Closed Call: JAIDS Supplement on Implementation Science

HIV-Related Implementation Science and Research Methods: State of the Art

The Journal of Acquired Immune Deficiency Syndrome (JAIDS) published a special edition entitled "Implementation Science and the Global Response to HIV: Methodological Challenges and Directions" on World AIDS Day, December 1, 2019. Read the edition here

(Thank you all for your submissions - Submissions were closed as of April 30, 2019.)

Call for Submissions

Implementation science is an emerging field focused on closing the gap between efficacious interventions and real-world practice, and thereby maximizing their public health impact. At this juncture, we have powerful biomedical and behavioral tools for treating and preventing HIV but our ability to use these tools effectively and at scale remains unrealized. While this gap has motivated the HIV research community to enthusiastically embrace implementation science, there is less consensus on the approaches and methods needed for successful implementation science in the context of the HIV epidemic. In response we are therefore seeking submissions for a special issue of JAIDS titled, Implementation Science and the Global Response to HIV: Methodological Challenges and Directions. We plan for this collection to act as a resource for emerging and established HIV investigators to catalyze the next generation of implementation science to end the HIV pandemic.

Broadly speaking, we seek papers in two categories: design and strategies. The first area would be on study designs to enhance external validity papers that focus on how to do research on prominent implementation strategies used in the HIV response. For papers focused on design we anticipate studies to call attention to features of observational, experimental, and modeling-based research that examine sampling, measurement and analytic innovations to optimize the relevance of knowledge for diverse real-world settings. The second area focuses on research approaches to promising implementation strategies and populations in particular need. The papers in this volume seek to help researchers working on HIV to improve HIV-related implementation science.

Some topics in this volume have been solicited and both give prospective contributors a flavor of the type of work sought as well as specific topics that are spoken for:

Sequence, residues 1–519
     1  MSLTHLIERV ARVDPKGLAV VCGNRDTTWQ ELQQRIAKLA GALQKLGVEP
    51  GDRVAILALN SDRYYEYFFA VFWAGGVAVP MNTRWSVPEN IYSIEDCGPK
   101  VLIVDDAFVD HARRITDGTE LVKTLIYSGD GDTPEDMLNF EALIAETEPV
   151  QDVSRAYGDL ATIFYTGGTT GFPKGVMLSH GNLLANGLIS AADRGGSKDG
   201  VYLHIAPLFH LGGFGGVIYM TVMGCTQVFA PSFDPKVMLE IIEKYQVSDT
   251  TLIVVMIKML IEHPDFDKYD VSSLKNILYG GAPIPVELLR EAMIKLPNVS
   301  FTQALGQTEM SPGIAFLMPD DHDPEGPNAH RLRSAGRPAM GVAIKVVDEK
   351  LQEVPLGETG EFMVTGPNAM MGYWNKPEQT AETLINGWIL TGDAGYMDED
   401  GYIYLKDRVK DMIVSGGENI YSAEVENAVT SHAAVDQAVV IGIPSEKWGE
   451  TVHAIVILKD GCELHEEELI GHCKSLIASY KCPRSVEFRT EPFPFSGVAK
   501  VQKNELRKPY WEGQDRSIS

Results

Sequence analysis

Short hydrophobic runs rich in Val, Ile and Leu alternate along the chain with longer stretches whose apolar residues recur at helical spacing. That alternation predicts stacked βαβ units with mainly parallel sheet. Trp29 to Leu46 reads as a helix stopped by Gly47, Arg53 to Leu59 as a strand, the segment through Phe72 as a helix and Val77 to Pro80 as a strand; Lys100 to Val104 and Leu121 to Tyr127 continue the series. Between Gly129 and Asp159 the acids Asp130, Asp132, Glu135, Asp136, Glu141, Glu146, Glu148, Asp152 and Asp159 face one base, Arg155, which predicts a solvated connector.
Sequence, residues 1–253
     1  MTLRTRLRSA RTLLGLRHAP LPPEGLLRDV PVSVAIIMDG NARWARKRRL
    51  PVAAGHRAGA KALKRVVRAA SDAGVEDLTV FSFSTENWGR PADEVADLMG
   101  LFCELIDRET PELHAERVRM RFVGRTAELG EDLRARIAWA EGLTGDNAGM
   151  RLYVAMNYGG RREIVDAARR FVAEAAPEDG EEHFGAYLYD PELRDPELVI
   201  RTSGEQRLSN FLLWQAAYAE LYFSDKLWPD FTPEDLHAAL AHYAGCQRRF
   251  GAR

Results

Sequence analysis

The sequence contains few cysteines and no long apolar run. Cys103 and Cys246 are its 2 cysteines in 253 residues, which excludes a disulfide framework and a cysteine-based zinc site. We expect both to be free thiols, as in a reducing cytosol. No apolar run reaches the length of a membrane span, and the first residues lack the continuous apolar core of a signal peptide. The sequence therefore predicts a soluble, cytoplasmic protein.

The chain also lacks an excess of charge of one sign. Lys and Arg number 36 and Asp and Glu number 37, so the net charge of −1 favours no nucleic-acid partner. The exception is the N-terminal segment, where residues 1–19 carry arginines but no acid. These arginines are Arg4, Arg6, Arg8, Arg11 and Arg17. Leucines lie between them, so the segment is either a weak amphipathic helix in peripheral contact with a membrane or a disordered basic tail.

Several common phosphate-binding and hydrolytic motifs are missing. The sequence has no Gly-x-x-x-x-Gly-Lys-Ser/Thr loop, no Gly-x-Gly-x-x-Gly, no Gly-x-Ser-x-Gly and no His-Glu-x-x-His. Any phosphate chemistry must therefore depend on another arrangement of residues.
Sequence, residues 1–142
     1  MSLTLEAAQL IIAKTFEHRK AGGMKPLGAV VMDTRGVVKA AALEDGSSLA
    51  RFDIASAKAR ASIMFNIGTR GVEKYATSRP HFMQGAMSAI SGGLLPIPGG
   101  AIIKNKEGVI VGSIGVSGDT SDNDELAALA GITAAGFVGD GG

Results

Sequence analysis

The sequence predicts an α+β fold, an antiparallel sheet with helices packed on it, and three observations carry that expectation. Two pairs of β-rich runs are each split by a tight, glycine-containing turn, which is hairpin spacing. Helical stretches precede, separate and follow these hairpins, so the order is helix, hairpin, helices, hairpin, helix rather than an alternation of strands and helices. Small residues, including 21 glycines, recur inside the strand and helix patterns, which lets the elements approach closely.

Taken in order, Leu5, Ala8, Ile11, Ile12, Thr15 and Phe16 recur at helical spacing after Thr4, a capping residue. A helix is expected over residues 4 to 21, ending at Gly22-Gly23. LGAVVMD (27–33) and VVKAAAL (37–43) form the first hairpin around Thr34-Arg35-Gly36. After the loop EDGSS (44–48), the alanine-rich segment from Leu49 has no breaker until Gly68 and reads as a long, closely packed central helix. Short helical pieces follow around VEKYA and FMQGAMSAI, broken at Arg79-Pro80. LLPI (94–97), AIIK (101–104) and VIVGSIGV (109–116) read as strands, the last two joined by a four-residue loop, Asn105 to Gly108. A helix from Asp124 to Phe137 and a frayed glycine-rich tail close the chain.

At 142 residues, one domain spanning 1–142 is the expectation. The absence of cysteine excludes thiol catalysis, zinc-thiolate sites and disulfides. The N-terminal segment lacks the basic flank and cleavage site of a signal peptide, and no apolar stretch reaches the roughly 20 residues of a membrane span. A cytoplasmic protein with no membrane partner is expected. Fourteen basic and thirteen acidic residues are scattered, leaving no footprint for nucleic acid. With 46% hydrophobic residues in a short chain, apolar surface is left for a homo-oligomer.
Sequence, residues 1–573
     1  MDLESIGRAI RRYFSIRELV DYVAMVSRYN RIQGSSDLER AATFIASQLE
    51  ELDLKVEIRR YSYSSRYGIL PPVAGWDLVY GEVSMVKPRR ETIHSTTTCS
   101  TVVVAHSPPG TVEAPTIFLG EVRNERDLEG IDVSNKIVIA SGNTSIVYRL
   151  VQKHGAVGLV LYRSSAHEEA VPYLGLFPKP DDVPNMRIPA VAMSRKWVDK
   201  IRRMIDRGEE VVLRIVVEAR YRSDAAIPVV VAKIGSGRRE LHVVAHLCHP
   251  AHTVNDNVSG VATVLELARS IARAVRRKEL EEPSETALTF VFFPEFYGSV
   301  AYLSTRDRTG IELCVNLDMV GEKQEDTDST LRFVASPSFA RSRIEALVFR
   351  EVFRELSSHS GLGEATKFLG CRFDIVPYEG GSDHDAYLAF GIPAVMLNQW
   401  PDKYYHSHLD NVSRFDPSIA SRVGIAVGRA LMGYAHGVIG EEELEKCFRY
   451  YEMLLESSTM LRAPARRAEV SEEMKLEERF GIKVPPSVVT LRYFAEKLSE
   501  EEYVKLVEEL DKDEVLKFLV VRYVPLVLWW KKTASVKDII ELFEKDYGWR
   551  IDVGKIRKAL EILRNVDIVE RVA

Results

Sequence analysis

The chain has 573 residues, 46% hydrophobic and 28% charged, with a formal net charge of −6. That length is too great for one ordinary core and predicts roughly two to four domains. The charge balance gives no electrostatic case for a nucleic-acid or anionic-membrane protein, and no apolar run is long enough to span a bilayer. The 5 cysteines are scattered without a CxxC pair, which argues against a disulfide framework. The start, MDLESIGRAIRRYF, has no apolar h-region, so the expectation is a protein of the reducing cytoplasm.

• Impact evaluation and econometric designs for health in implementation science addressing HIV

  • Modeling implementation strategies to advance the HIV response

  • Qualitative research for implementation science: conceptualizing mechanisms and motivations

  • Bringing the transport framework to implementation science for the HIV response

  • Adaptivity in trials for implementing HIV prevention and treatment strategies

  • The conduct of research lead by public health implementers

  • Use of social networks to understand and overcome implementation barriers in the HIV epidemic

  • Using the internet as a research tool to reach hard to reach populations

  • Faith-based community engaged implementation science for HIV prevention

  • Research methods to engage key populations

  • Crowd sourcing and advancing the HIV response

Details and Dates

Proposals for the JAIDS supplement should focus on either design or strategy. Studies can be international or U.S.-based.

  • The papers should be 3,000 words with approximately five total figures and tables combined.

  • Please note that acceptance of papers is not guaranteed. If you agree to participate, your paper will be subject to standard blinded peer review.

  • Important dates to consider:

    • Extended to April 30, 2019: Initial submission of articles to editors by emailing your draft to [email protected].

    • June 15, 2019: Authors to receive reviewers’ comments

    • August 1, 2019: Authors to submit revised manuscript

    • December 1, 2019: Target publication date

  • All accepted papers will be self-funded. All papers will be open access.

For questions, please contact Elizabeth Rojo, coordinator of the supplement, at [email protected].

We look forward to receiving your proposals,

Elvin Geng, MD, MPH
Associate Professor of Medicine, SF General Hospital
University of California, San Francisco

Maya L. Petersen MD, PhD
Associate Professor, Biostatistics & Epidemiology
University of California, Berkeley

James Hargreaves, MSc, PhD
Professor, Epidemiology & Evaluation
London School of Hygiene & Tropical Medicine

Stefan Baral, MD, MPH
Associate Professor, Department of Epidemiology
Johns Hopkins University